Tag Archives: cpg

The Inevitability of Global Online Grocery

Recently I came across a discussion on LinkedIn regarding online grocery shopping that really got my goat. The individual in question was actually an analyst for a very well respected research firm, making a sweeping statement about people that had no basis in truth. In fact, the statement was that women in India – where he is from – will never shop online for groceries because they would miss out on the social aspect, plus, he added, they are not web savvy. A quick Google search brought up the interesting statistic that, in fact, housewives and college students are the top mobile users in India according to Telecom Watch. Add to this the phenomenon of mobile creating a need for new goods not readily available at small rural shops and you have a perfect recipe for online grocery’s success. While my idea of the inevitability of online grocery may seem like a stretch – at least my ideas have some basis in real research – not pure opinion.

I was very curious, having read about online grocery, at how much people were actually spending on online grocery and at what online grocery sites they were spending their money. Only a handful of global grocery retailers have released their annual figures – for most online grocery is fairly new. Also, a handful of the top 25 grocery retailers in the world do not offer eCommerce to their customers. So I took Boston Consulting Group’s $36 billion figure and the estimate (3%) of online grocery’s contribution to revenue and deciphered this chart, showing how big a piece of the pie each grocery retailer has of the online space. It is by no means perfect, but since actual figures for most have not been released – it provides a rough idea of who the top online grocers are. You can read more details about the top online grocery trends happening Globally here in my new Slideshare.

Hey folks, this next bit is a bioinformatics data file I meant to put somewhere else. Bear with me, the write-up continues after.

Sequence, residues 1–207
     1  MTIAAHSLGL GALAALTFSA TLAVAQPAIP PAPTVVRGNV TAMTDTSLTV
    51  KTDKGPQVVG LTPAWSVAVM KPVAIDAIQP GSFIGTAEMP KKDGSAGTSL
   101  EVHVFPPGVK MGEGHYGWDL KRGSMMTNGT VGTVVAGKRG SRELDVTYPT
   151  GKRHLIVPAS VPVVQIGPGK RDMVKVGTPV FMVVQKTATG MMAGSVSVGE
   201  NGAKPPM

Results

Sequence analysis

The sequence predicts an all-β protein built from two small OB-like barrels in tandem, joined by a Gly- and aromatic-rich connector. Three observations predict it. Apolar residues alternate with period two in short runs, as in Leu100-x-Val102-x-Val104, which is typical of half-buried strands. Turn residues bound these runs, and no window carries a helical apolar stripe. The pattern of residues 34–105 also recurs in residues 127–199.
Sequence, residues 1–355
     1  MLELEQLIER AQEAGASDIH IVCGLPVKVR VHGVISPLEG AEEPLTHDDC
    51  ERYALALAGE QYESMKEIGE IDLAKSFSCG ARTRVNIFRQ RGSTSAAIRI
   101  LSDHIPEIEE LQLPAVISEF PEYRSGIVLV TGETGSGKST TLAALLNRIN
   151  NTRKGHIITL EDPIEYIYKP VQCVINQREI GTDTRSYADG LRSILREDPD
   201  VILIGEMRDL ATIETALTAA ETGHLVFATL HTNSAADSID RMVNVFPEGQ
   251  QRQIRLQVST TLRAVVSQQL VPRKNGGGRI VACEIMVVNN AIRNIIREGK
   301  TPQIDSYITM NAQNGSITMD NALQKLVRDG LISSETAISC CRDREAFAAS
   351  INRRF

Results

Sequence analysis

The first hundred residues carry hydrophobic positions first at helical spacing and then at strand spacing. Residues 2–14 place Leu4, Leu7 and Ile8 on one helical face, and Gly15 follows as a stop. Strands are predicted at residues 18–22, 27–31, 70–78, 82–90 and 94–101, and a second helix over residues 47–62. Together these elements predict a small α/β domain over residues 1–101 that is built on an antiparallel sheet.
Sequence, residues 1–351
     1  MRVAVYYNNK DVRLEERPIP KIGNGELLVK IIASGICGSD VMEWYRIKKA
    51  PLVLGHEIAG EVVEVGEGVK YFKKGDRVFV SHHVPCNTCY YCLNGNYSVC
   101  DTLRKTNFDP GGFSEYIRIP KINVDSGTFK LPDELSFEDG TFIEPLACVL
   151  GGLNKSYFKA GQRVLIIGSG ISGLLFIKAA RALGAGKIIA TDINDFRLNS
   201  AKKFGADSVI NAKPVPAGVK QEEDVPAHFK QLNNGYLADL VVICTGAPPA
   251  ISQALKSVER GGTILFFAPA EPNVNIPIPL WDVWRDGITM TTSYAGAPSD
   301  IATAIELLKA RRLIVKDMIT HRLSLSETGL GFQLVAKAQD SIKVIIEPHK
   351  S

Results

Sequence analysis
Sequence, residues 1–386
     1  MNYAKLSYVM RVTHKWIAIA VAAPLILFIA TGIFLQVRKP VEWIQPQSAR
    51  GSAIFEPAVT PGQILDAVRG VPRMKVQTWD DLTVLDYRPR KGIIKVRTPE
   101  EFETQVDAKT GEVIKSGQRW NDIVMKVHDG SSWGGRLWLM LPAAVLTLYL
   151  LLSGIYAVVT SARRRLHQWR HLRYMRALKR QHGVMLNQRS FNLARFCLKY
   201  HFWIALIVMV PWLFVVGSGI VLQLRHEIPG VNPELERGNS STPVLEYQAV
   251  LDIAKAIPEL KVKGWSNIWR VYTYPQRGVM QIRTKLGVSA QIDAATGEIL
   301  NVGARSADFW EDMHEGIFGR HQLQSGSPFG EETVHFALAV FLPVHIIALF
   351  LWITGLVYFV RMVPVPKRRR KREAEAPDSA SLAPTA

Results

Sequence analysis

Top Online Grocers


Is eCommerce Disrupting the Consumer Packaged Goods Market in China?

Global Consumer Goods Brands Disrupted by eCommerce in China

The findings of Kantar’s Worldpanel Brand Footprint Ranking surprised me last year, when I was just starting to learn about Global Consumer Packaged Goods brands. In my blog for Clavis Insight I described my experience learning about the significance of the brand Maggi for the first time. I wrote in June 2013: “The #1 status of Maggi reflects the world economy, where China is the world’s most populous country with the fastest growing economy. China’s ecommerce sales grew 65% between 2011 and 2012 and it is set to overtake America’s according to a recent report by the China Internet Information Center (reported in TechCrunch).”